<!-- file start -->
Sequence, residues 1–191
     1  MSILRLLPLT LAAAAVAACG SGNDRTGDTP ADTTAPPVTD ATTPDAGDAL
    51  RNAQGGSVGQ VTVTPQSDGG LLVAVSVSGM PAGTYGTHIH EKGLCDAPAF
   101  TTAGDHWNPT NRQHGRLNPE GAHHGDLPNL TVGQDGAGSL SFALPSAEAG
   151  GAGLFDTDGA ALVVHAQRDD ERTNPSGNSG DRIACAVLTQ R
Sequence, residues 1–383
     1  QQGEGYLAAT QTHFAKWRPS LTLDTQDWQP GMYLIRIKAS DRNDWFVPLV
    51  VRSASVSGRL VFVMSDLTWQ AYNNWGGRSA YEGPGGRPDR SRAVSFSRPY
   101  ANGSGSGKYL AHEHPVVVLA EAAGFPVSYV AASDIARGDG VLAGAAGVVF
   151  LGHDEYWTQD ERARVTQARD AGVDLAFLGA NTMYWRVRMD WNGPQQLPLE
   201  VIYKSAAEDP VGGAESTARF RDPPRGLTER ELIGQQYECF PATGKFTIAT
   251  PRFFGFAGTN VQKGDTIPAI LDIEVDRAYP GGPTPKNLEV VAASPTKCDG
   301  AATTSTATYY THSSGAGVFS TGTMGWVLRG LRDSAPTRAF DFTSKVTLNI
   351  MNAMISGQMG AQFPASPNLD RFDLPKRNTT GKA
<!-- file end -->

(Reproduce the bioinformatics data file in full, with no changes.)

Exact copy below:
Sequence, residues 1–191
     1  MSILRLLPLT LAAAAVAACG SGNDRTGDTP ADTTAPPVTD ATTPDAGDAL
    51  RNAQGGSVGQ VTVTPQSDGG LLVAVSVSGM PAGTYGTHIH EKGLCDAPAF
   101  TTAGDHWNPT NRQHGRLNPE GAHHGDLPNL TVGQDGAGSL SFALPSAEAG
   151  GAGLFDTDGA ALVVHAQRDD ERTNPSGNSG DRIACAVLTQ R
Sequence, residues 1–383
     1  QQGEGYLAAT QTHFAKWRPS LTLDTQDWQP GMYLIRIKAS DRNDWFVPLV
    51  VRSASVSGRL VFVMSDLTWQ AYNNWGGRSA YEGPGGRPDR SRAVSFSRPY
   101  ANGSGSGKYL AHEHPVVVLA EAAGFPVSYV AASDIARGDG VLAGAAGVVF
   151  LGHDEYWTQD ERARVTQARD AGVDLAFLGA NTMYWRVRMD WNGPQQLPLE
   201  VIYKSAAEDP VGGAESTARF RDPPRGLTER ELIGQQYECF PATGKFTIAT
   251  PRFFGFAGTN VQKGDTIPAI LDIEVDRAYP GGPTPKNLEV VAASPTKCDG
   301  AATTSTATYY THSSGAGVFS TGTMGWVLRG LRDSAPTRAF DFTSKVTLNI
   351  MNAMISGQMG AQFPASPNLD RFDLPKRNTT GKA